It can be a winner to refinance private student loans, because private student loans are not eligible for federal loan programs anyway. Public Service Loan Forgiveness (PSLF), Teacher Loan Forgiveness, income-driven repayment plans, and other federal loan forgiveness options are not available on private loans. But when you refinance federal student loans, they automatically become private loans. Meaning you’ll lose your public student loan benefits.

7. Do you still have a lot of student loans left to pay off?

If you’re almost done paying off your student loans, or have total loans of under $10,000, it’s probably not worth it to refinance.

8. Do you currently have a variable rate student loan?

Variable rate loans can start low, but they can wreak havoc on your finances when rates jump. So if you have the chance to lock in a lower fixed rate now, it can make sense to get ahead of future increases and lock in a predictable rate that you can actually budget for.

Just How Much Money Could You Save by Refinancing Your Student Loans?

Let’s say you currently have $80,000 in student loans, financed at 8% interest for 10 years (120 months).

If you can refinance at 3%, you’d save $23,776 in interest over the life of the loan.[i] That’s a cool bit of extra cash you can set aside for retirement during those 10 years. Plus you’ll have another $23,880 ($199/month x 120 months) during that same 10 years. It doesn’t get  much better!

Here are those numbers in chart form:

Original loan value$80,000$80,000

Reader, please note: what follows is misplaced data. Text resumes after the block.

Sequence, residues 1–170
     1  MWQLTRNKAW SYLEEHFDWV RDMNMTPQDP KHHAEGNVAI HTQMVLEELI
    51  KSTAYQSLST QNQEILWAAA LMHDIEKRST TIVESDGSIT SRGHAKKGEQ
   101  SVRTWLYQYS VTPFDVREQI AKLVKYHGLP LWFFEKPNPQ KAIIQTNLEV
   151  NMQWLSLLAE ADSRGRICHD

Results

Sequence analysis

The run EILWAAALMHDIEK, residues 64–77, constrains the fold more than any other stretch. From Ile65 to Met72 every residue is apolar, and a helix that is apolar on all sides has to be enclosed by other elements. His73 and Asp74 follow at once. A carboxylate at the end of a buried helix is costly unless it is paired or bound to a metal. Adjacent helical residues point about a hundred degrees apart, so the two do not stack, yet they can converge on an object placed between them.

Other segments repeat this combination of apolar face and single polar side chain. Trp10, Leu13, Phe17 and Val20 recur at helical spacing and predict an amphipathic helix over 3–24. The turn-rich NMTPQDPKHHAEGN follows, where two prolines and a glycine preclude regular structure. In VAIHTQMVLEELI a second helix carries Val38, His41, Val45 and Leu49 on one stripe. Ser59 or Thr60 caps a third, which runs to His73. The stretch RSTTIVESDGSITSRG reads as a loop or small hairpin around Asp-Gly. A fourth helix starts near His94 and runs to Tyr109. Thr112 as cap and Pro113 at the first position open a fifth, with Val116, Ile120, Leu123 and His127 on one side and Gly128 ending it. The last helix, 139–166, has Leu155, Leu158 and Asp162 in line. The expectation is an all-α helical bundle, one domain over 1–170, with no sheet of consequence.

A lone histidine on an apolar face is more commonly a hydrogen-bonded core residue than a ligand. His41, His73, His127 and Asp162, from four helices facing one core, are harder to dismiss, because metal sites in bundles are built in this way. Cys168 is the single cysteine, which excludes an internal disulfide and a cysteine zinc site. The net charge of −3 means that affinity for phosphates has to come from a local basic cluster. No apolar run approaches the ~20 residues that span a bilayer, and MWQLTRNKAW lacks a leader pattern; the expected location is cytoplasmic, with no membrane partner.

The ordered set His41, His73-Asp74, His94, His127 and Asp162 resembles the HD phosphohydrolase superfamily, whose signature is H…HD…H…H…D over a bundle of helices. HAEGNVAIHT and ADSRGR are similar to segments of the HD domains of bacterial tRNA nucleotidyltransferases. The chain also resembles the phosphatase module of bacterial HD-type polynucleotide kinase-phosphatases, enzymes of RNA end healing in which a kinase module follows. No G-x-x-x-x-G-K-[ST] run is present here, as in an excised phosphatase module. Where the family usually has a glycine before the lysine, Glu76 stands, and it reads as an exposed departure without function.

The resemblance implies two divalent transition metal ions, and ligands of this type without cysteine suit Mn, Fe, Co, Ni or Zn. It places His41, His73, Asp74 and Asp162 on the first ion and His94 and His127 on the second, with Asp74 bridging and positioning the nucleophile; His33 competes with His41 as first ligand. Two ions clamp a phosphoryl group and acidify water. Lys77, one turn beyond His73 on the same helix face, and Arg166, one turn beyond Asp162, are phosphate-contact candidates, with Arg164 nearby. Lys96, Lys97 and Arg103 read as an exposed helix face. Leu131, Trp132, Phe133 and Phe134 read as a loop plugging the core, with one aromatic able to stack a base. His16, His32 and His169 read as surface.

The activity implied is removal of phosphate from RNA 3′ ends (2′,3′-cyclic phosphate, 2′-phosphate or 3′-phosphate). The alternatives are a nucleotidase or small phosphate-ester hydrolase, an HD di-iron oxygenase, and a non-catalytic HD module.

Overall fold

Interest rate8%3%
Monthly payment$971$772
Interest paid over the life of the loan$36,474$12,698
Savings over the life of the loan by refinancing at 3%$23,776

On the other hand, some people should not refinance their student loans… at least not right now.

When Does It NOT Make Sense to Refinance Student Loans?

Don’t refinance (at least right now) your student loans if any of the following conditions apply. They may disqualify you. Or be inadvisable for other reasons.

1. Your income is insecure.

Your old student loans will be paid off by your new lender when you refinance. But this is a new loan. So even if the terms are better, you still need actual income to repay your new loan. If you run into financial hardship, a private lender may be less flexible about your options than federal loan servicers. Plus, as a new borrower, you may be viewed by your lender with a more critical eye.

If you’re worried about losing your job, wait till it’s more secure before refinancing. Make sure you’re confident of your ability to make your monthly payments. Boost your income with a side hustle or aim for a promotion or new, more secure job, if possible.

2. You have weak credit (and no credit-worthy cosigner).

If neither you nor a cosigner has strong credit, you could have trouble being approved for a refinanced student loan at all. Or you might get an interest rate so poor that it doesn’t save you any money. Work to improve your credit score as soon as possible and reconsider in six months.

3. You’re working toward federal loan forgiveness.

Should I refinance my student loans right now?
When should you refinance your student loans? Don’t do it if you’re working toward loan forgiveness.

The federal government offers various loan forgiveness programs – among them the Public Service Loan Forgiveness (PSLF) and Teacher Loan Forgiveness programs. These programs cancel your remaining debt after meeting certain requirements (number of years of service). You’d lose these federal programs if you refinance public loans.

4. You have low income and might need an income-driven repayment plan.

Refinancing would disqualify you from income-driven repayment plans.

Income-driven repayment plans adjust your monthly payments based on your income. They cap your repayments at 10-15% of your monthly income. In fact, the Revised Pay As You Earn (REPAYE) program caps payments at just 10%.